Historians aren’t generally known for liking numbers, if not for being downright scared of them. Which is probably why we discussed them on a chilly Halloween evening! In all seriousness, this was a good class, numbers and statistics are important in the study of history.
If you don’t believe history has any quantitative elements, go through your nearest history book, article, or whatever text you might have and underline any quantitative words. You’ll probably find a lot, even if they don’t seem directly connected with words. Look for words like growth, many, primarily, for some, increasingly/decreasingly, remote, popular, one of, mass, smaller, and so on. Our lecturer, to make his point, gave us a short excerpt which we underlined those quantitative words.
Some historiographical schools of thought use statistics and economics as as significant part of their analysis. Can you guess which one I’m thinking of at the moment? Yup–Marxism! Still, their use does not have to be confined to Marxists alone. We discussed several advantages to using quantitative history.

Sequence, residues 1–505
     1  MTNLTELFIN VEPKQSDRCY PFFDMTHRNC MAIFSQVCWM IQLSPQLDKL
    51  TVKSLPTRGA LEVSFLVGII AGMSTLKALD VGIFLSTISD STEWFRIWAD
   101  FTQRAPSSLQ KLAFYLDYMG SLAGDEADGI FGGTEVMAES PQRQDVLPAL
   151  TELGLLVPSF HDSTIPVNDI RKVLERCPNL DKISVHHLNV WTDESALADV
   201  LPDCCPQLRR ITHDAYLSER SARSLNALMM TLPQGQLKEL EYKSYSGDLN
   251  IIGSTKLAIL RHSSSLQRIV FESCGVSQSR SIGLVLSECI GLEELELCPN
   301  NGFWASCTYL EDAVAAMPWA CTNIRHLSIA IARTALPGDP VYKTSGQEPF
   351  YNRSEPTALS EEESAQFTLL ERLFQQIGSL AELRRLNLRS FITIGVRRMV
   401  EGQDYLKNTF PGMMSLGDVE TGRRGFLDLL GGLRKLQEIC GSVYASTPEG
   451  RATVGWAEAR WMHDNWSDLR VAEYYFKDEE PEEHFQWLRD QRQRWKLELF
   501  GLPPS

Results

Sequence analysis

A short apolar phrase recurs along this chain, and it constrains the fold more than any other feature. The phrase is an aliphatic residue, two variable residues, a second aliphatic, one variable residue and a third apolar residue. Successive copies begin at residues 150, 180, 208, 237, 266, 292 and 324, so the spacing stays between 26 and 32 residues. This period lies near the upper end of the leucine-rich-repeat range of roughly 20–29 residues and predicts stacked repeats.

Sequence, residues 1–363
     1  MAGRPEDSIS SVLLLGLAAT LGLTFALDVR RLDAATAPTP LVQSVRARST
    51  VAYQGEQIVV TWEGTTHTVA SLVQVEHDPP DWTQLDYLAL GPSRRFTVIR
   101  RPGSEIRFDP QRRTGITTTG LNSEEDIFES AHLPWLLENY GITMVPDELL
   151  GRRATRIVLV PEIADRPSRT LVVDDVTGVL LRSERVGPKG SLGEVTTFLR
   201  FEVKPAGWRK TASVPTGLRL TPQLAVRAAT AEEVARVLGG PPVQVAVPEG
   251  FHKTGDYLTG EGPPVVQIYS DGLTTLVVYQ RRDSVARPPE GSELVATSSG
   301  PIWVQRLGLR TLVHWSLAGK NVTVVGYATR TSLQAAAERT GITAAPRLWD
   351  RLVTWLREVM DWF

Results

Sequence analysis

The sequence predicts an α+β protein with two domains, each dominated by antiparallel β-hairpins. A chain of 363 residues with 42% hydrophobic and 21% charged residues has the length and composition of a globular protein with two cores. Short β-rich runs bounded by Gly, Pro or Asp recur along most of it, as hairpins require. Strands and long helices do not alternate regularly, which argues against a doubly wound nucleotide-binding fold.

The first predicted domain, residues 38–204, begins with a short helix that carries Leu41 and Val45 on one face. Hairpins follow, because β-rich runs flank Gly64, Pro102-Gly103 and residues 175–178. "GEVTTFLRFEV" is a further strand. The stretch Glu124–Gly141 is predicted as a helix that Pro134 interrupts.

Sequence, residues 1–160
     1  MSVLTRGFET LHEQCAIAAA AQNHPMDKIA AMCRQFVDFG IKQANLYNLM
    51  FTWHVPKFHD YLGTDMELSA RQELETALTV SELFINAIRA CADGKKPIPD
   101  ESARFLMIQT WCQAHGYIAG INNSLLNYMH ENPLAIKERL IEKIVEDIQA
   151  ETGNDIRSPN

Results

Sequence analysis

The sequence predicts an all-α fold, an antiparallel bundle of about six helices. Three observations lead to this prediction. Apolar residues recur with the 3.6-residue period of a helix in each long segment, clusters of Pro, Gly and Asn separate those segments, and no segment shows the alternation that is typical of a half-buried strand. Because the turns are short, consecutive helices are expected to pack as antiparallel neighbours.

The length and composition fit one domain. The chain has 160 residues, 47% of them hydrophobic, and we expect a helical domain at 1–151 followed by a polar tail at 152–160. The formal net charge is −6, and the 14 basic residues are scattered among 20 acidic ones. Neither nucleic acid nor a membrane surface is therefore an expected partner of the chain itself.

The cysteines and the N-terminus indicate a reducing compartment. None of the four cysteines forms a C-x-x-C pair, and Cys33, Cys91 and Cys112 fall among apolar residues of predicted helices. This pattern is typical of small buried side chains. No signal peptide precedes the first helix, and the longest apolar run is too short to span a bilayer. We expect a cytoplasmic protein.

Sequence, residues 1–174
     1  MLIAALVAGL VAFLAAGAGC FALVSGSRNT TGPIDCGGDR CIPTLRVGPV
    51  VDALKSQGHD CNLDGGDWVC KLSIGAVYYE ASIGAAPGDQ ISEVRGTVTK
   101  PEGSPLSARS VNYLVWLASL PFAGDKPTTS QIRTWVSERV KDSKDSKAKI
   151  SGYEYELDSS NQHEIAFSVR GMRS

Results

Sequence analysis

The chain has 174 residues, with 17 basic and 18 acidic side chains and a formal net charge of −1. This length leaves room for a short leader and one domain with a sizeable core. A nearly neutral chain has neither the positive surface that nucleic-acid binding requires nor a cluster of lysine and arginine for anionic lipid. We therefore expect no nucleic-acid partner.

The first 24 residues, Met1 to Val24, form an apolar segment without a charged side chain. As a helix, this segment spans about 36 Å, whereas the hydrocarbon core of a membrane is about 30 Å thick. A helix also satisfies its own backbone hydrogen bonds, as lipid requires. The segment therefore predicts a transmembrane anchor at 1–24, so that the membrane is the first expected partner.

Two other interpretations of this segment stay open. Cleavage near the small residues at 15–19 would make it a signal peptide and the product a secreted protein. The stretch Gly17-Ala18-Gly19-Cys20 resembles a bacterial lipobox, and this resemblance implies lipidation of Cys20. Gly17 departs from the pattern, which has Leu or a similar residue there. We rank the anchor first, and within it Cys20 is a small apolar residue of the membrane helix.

Downsides can include:
- Imposing to rigid categories onto history
- Loss of detail (summarizing data necessarily involves a loss of data)
As with a lot of things, I think it is important for the historian to use numbers and statistics where appropriate, just as they ought to at least consider the impact of memory, gender, culture, and so forth in their historical analysis.
This is a part of my History at Queens series. I am writing on what I’m learning in my modules and as a part of my own research. Hope you enjoy!